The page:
• Valerie Ross

Backpackers in the Age of COVID-19


As Girl Scout councils across the nation revise meeting protocols, one thing is certain – while video conferencing is terrific for planning meetings, we won’t be heading out to the woods with our Girl Scout backpackers any time soon.

Take heart, fellow backpackers! We are uniquely situated to ride this out. We know how to plan and prepare, how to entertain ourselves and self-educate. We are deeply acquainted with risk management skills and understand that prevention is the key to ensuring safety. We understand limited resources and how to make supplies last. And – clearly of great importance lately – we can potty without toilet paper should your local grocery run out of Cottonelle and Charmin (Kula Cloth, anyone?) Maybe it is time to get on with using a backpacker bidet.

Backpackers – while often solitary creatures – also deeply appreciate kinship. Now is a great time to reach out to your training buddies and see who needs help. Our innate wilderness ethic propels us toward helping our tribe. Being available to drop off groceries or dinner (or t.p.) might be an invaluable service we can do for one another right now.

Missing campfire chat? Now, here is a great use of video conferencing, albeit without the flames and smoke. FaceTime can bring together a more intimate group, and for the encampment-style campfire, free Zoom can accommodate up to 100 people. BYO s’mores!

Here are 7 more things to do within your new socially distanced lifestyle:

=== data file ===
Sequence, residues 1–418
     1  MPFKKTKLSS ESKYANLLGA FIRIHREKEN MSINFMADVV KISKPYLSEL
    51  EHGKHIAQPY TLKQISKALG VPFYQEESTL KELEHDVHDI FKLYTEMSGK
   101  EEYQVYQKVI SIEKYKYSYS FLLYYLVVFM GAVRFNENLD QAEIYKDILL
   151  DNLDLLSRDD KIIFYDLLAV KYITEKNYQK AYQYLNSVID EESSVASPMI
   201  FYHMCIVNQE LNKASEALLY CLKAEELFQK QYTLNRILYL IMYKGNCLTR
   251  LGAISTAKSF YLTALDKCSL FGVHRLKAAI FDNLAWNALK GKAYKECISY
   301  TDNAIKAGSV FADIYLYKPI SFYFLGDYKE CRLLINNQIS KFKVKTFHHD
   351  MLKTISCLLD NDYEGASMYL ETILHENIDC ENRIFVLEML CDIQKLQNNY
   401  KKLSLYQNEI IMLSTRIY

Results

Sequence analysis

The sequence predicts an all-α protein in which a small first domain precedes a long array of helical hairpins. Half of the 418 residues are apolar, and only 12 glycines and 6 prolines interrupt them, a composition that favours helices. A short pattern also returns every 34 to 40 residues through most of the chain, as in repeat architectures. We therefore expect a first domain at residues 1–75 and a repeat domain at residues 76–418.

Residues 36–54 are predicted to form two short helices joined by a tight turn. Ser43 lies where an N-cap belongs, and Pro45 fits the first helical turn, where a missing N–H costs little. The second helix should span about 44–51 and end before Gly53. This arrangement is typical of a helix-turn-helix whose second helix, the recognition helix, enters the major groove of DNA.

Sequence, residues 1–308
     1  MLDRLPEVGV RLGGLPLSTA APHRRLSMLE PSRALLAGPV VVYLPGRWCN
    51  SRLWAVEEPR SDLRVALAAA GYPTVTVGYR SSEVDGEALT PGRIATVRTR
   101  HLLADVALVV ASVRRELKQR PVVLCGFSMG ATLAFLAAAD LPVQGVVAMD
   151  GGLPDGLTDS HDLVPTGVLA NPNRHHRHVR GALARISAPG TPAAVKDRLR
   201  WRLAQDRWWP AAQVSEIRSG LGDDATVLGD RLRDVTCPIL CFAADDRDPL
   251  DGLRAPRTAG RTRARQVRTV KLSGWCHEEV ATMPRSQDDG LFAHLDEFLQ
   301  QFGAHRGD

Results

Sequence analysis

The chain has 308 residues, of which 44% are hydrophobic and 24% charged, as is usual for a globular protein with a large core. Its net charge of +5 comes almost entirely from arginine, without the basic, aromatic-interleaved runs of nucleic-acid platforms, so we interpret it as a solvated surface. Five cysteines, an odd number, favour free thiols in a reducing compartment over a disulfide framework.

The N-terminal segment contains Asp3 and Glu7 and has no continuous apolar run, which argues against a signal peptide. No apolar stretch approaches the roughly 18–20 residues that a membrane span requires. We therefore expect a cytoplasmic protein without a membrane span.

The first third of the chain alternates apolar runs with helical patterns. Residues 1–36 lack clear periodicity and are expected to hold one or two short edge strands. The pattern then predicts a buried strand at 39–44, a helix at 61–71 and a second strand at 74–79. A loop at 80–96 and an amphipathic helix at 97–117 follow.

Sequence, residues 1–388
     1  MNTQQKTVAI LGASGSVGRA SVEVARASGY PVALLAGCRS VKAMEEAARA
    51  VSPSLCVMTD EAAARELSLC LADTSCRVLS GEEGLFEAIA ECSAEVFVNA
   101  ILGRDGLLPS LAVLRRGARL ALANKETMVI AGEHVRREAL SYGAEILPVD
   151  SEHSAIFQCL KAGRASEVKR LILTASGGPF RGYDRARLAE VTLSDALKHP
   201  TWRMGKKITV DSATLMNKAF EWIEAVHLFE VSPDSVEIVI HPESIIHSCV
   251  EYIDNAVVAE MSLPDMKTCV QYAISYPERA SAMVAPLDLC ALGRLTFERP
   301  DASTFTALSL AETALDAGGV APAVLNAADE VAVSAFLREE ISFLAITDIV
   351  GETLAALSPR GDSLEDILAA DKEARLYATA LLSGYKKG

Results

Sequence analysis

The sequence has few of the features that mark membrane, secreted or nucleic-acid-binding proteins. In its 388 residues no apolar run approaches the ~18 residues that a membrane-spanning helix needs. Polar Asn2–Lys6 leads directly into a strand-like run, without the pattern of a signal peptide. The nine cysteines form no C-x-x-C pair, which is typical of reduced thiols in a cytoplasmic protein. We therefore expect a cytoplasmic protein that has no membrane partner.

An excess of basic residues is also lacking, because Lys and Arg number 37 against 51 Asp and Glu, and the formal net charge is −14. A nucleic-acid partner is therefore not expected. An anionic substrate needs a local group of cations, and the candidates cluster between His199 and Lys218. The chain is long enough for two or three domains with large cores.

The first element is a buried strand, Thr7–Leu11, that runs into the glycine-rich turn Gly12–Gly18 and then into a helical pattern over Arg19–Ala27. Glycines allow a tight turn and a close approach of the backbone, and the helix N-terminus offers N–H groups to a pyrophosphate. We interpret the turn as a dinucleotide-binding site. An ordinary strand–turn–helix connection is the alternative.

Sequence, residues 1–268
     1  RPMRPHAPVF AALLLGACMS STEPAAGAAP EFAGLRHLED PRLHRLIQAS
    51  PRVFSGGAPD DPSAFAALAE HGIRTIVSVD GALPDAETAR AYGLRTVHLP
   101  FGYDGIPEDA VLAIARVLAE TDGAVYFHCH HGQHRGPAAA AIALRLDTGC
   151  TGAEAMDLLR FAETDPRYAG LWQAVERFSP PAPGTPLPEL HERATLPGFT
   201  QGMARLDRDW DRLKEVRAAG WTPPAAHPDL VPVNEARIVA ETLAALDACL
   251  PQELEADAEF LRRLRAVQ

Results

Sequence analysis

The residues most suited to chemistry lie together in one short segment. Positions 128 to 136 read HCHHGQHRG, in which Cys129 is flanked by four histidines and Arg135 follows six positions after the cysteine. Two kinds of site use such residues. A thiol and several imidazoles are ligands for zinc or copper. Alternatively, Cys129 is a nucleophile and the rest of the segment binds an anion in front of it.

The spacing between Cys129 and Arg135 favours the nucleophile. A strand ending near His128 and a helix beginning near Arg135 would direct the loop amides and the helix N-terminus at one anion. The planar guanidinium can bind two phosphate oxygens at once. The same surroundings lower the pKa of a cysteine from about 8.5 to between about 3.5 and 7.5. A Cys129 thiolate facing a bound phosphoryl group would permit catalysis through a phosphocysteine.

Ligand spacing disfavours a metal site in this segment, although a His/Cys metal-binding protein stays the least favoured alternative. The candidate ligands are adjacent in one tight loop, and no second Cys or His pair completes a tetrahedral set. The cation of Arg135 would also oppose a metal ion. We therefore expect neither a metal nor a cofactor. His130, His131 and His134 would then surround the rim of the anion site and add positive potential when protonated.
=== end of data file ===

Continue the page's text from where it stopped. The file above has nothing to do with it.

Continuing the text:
• Repair gear or clean out and update your first aid kit. Taking a critical look at your home medicine cabinet might be significant in the coming weeks as well.

  • Spend your REI dividend! The stores may be closed through March 27th, but you get free standard shipping right now.

  • Plan your next backpacking trip.

  • Re-schedule the trip you just cancelled, and maybe choose a higher altitude destination since you won’t be going in springtime. Maybe a win here?

  • Try new backpacking recipes and dehydrate some meals. They may come in handy sooner than you think if people really keep hording beans, rice, and pasta.

  • Take a hike! Meet at the trailhead, keep your distance (don’t share your GORP), get out and feel good, and appreciate that your training regimen is still intact.

  • Reach out – yes, I mentioned this already, but caring is what backpackers do best.

Take care, my dear, fellow backpackers. Practice good hygiene, check in on your fellow backpackers, and be a good buddy. We’ll get through this together.

Valerie is the founder of CAGS Backpackers and a Lead Backpacking Trainer for Girl Scouts San Diego. She has backpacked for over 40 years and spent the last 20 years guiding Girl Scouts on wilderness trips.

Welcome

Editor's Note: Val Ross, our founder, kicks off our blog with her thoughts and reflections on why taking girls into the wilderness is a mission worth our endeavors.

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The views, thoughts, and opinions expressed in this blog belong solely to the author of each article and do not necessarily reflect the views of California Girl Scout Backpackers or Girl Scouts of the United States of America.

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